According to classical music website BachTrack, in 2019 only eight of the top 100 conductors (based on how many concerts they conducted) were women. Apparently this is something we should be pleased about: in 2013 there was just one. That single woman was Marin Alsop.
New documentary The Conductor, examining Alsop’s career, gives an insight into why female conductors are so thin on the ground. One of the world’s greatest maestros (or maestras, as the Italian would have it), her journey to the top hasn’t been an easy one.
Marin Alsop’s career has been one of firsts. In 2007 she was appointed musical director of the Baltimore Symphony Orchestra, becoming the first woman to lead a major US orchestra. At that time, we learn, women were more likely to lead a G7 country or become a four-star general in the US army. Things haven’t improved much since then; Alsop retired from the position in 2021 and now there are no female leaders of a major US orchestra.
The film provides a retrospective of Alsop’s life and career. The only child of musician parents, she gravitated towards music because that’s what her parents wanted her to do. They sat her in front of the piano as soon as she could walk, she says. She hated it, but found she loved the violin: “It made me realise there’s an instrument for every child.”
The documentary follows Alsop around the world as she conducts concerts in São Paulo, Lucerne, Baltimore and Vienna. We also see her teaching at Juilliard and at home with her partner Kristin Jurkscheit and among friends.
Alsop comes across as an exceptional woman. Open and warm, but also driven and ambitious; her achievements are remarkable. She tells us how, at just nine years old, she saw Leonard Bernstein conducting and decided that was what she wanted to do, only to be told “girls can’t do that”. Later on in the film she says: “Don’t tell me I can’t do something.” That could easily be her mantra, as well as the theme to this documentary.
She was rejected from Juilliard’s conducting programme three times. At one application she was deliberately given a score with the wrong notes; at another she was told she would never be a conductor as her muscles had atrophied – she was 23.
Realising that the establishment within the world of classical music wasn’t going to give her any opportunities, she created her own. She formed String Fever, a 14-piece all-woman string swing band, in 1981 (“Having this community of women was really important because we felt supported and emboldened by each other.”) and in 1984 she persuaded Japanese financier Tomio Taki to fund Concordia, a 50-piece orchestra. Taki, who has remained a good friend and supporter of Alsop’s, is interviewed here.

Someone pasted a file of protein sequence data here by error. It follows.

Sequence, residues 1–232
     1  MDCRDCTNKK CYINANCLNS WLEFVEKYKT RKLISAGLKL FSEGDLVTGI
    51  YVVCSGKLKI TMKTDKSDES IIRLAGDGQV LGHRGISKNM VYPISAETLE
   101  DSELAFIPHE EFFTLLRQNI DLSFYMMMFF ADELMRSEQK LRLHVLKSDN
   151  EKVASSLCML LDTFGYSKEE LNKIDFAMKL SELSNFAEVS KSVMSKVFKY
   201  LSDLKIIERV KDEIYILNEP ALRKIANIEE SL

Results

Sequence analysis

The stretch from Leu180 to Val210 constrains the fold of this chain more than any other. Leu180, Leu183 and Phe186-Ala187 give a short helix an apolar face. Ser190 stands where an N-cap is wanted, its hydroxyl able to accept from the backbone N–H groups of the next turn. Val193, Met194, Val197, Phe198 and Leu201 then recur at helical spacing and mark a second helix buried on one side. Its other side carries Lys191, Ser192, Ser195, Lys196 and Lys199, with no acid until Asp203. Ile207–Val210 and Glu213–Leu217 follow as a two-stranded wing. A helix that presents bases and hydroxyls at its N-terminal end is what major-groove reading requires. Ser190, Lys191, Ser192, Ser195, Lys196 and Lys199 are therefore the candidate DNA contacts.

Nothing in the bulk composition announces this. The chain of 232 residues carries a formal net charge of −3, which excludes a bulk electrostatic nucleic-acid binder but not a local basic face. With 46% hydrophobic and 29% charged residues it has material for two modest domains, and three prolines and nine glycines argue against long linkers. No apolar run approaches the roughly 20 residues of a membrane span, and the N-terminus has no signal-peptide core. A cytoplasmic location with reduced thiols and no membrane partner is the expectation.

Alsop recounts all this in a manner that is straightforward, honest and engaging. The insights into her private life are particularly illuminating. Jurkscheit is open about how hard their relationship has been with Alsop away so much of the time, especially when raising their son. But the love and support within the family are clear on screen.
Scenes showing her teaching are encouraging. Her style is encouraging and helpful. She talks of teachers who try to break their students. A teacher at Juilliard told her that he didn’t believe in her. She was devastated. She almost gave up classical music; it was, she says: “Too regimented. Too many rules. Too many expectations that I just didn’t like.” Lucky for us she stuck with it.
Marin Alsop takes a different approach. She doesn’t mollycoddle; if students are getting it wrong she lets them know. But her criticism is constructive and her advice is helpful and worthwhile, and when students get it right she tells them. One student says: “She’s a great teacher and she knows how to bring you out. She’s all about authenticity.”
The kickback against a woman working in this male-dominated business is both familiar and depressing. When she was being considered as director of the Baltimore Symphony in 2007, for example, a handful of musicians fabricated a letter claiming that all the musicians were against the idea.
She almost pulled out. But instead she engineered a meeting with the full orchestra and learned that in general she had their support.
It’s sobering that this kind of misogyny is still rife. But Alsop genuinely wants to give women opportunities, she wants to remove the barriers that she had to overcome. Her generosity is truly heartwarming. She talks about the Taki Alsop Alsop Fellowship, a programme to mentor, support, and promote women conductors, and describes OrchKids, the Baltimore Symphony educational programme, as the thing she is most proud of.
Marin Alsop is an inspiring woman. You can’t help but warm to her; she’s likeable, though you get the impression that she can be difficult, too – no one gets to where she is now without incredible determination. But if anyone has earned this, it’s Alsop and she is rightly proud of her achievements.
• The Conductor, documentary
• Length: 2 hr 29 min
• Rated: U
• Available on demand on Sky Arts
• By Cargo Film and Releasing
• Director: Bernadette Wegenstein
• Released: 2021
• More: The Conductor
Both inspiring and depressing, The Conductor provides a great insight into the hard-won career of Marin Alsop – and the exceptionally talented woman behind that career.